Obama visits Oklahoma and promises federal aid

President Obama traveled Sunday to Moore, Oklahoma, to meet with and console residents of the midwestern town devastated by a tornado that killed 24 people and injured more than 200 others.  The president has pledged $3.4 million in federal aid to help the town rebuild.

“This is a strong community, with strong character.  There is no doubt they are going to bounce back, but they need help. Just like any of us would need help if we saw the kind of devastation that we are seeing here,” he said.

Elsewhere investigators are looking into the cause of two major transportation accidents in the United States, the collapse of a major road bridge in Washington state and a freight train collision in rural Missouri that caused the collapse of a highway overpass.  Robert Sumwalt is a member of the National Transportation Safety Board.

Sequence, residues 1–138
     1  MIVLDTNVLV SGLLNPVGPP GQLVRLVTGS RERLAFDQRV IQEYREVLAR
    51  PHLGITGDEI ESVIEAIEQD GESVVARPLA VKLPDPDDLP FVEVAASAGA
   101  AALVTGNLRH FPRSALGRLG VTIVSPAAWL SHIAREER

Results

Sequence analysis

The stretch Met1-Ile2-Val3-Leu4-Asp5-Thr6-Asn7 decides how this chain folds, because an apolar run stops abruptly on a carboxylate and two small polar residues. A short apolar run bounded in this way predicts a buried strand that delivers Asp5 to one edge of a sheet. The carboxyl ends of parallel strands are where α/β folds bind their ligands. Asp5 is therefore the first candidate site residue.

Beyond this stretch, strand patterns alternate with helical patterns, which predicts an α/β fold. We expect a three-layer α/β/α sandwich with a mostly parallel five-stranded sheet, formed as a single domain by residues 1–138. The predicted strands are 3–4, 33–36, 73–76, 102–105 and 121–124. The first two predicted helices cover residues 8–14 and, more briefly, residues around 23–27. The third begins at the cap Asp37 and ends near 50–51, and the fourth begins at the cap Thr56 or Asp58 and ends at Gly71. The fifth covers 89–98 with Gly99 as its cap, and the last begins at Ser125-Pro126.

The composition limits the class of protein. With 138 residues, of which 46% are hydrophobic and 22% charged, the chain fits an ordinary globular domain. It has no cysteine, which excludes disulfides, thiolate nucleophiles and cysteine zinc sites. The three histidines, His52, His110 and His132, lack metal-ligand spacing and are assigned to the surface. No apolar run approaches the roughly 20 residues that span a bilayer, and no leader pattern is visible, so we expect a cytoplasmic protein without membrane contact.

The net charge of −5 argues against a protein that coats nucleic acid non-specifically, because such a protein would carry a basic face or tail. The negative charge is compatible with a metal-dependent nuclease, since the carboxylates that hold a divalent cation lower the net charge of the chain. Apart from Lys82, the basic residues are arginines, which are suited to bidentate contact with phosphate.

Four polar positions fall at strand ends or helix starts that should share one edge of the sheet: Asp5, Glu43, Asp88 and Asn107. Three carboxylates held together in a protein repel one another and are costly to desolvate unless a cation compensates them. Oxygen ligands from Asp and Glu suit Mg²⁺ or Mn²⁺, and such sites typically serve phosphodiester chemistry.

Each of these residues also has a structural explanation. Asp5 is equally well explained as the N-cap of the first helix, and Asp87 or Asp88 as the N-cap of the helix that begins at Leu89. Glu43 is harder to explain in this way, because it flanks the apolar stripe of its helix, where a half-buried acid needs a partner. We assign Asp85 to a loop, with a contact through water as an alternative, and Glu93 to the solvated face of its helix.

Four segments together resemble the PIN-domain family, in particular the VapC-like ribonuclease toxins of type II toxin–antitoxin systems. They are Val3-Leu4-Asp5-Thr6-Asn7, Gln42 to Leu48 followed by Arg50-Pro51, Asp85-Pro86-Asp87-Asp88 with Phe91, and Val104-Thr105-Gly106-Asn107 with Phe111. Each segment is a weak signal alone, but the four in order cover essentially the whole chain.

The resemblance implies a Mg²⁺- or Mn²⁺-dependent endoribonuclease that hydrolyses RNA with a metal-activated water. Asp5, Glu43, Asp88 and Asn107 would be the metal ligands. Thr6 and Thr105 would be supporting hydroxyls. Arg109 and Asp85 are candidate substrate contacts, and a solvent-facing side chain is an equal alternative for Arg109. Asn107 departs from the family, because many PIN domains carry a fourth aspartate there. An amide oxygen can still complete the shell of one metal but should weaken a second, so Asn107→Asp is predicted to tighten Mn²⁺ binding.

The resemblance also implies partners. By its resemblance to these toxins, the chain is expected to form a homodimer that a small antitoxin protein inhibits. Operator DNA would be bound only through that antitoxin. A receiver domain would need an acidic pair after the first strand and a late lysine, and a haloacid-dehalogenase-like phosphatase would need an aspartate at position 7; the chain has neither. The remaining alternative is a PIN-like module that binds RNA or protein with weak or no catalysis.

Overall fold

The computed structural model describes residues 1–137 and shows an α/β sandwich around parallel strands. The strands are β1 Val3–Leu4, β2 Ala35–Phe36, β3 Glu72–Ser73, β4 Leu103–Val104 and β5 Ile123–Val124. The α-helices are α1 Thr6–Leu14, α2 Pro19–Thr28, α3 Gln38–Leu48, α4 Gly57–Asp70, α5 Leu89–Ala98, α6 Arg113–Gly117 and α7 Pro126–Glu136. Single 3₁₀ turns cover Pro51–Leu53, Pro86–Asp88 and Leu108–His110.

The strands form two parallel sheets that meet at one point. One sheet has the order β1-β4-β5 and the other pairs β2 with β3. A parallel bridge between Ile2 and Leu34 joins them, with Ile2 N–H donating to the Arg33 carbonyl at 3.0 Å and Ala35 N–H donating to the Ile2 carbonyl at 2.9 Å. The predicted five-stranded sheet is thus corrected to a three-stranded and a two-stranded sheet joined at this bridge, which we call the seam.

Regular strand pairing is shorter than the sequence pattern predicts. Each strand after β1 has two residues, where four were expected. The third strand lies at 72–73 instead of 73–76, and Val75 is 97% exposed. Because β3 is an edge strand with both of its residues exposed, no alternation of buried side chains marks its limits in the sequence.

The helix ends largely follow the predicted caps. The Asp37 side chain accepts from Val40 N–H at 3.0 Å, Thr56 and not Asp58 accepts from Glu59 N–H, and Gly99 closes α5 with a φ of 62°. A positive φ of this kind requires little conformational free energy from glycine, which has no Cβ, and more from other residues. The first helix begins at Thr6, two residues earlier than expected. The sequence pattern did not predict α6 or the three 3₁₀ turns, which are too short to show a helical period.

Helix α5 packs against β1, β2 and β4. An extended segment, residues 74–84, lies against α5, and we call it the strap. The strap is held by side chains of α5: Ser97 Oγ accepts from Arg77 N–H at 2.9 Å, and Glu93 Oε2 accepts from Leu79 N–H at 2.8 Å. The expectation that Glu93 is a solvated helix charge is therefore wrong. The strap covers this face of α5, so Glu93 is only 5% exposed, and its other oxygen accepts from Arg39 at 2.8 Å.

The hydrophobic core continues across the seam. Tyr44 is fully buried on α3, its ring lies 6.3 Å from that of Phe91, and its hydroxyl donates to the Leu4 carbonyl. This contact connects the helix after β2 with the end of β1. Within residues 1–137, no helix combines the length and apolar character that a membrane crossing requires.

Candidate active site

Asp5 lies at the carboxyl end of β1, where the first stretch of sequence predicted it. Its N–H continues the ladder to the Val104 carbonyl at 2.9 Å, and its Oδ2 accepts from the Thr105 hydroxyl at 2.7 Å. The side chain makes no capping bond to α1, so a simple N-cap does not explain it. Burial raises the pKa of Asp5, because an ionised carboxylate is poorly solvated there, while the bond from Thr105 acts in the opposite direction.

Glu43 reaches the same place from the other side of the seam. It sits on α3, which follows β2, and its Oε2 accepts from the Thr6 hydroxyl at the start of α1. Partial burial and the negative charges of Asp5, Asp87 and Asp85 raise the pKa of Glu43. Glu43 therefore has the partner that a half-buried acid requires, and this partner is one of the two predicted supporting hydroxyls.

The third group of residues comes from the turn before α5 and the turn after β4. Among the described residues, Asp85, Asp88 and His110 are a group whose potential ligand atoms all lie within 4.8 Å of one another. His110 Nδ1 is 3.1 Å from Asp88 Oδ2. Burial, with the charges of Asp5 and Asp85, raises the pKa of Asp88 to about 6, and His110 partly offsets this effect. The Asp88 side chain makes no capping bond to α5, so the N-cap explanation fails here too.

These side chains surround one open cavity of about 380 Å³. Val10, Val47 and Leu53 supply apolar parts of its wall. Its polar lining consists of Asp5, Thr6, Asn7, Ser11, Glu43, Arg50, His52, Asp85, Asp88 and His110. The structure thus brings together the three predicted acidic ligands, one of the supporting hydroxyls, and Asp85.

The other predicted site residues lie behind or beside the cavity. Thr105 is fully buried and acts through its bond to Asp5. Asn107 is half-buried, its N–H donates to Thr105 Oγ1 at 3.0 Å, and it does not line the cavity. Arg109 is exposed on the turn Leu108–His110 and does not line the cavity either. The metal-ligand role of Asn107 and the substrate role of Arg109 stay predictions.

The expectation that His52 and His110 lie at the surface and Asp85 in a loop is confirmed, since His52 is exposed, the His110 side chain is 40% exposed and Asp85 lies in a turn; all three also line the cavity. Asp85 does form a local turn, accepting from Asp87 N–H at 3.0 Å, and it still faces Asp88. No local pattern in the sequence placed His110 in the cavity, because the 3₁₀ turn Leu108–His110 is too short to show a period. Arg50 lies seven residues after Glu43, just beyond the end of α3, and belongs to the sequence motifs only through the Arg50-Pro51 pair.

“Anytime we have something like that, we are very concerned about it.  That is why we are here.  We are here to find out what happened so we can learn from it and keep it from happening again,” he said.

The Federal Highway Administration says about a quarter of the country’s 607,000 bridges are structurally deficient.

And while Congress is not in session this week, calls for investigations into the Internal Revenue Service after learning it targeted conservative groups for special scrutiny, and into the Justice Department’s decision to search the emails of journalists working on stories about national security, continue to dominate the news in Washington.

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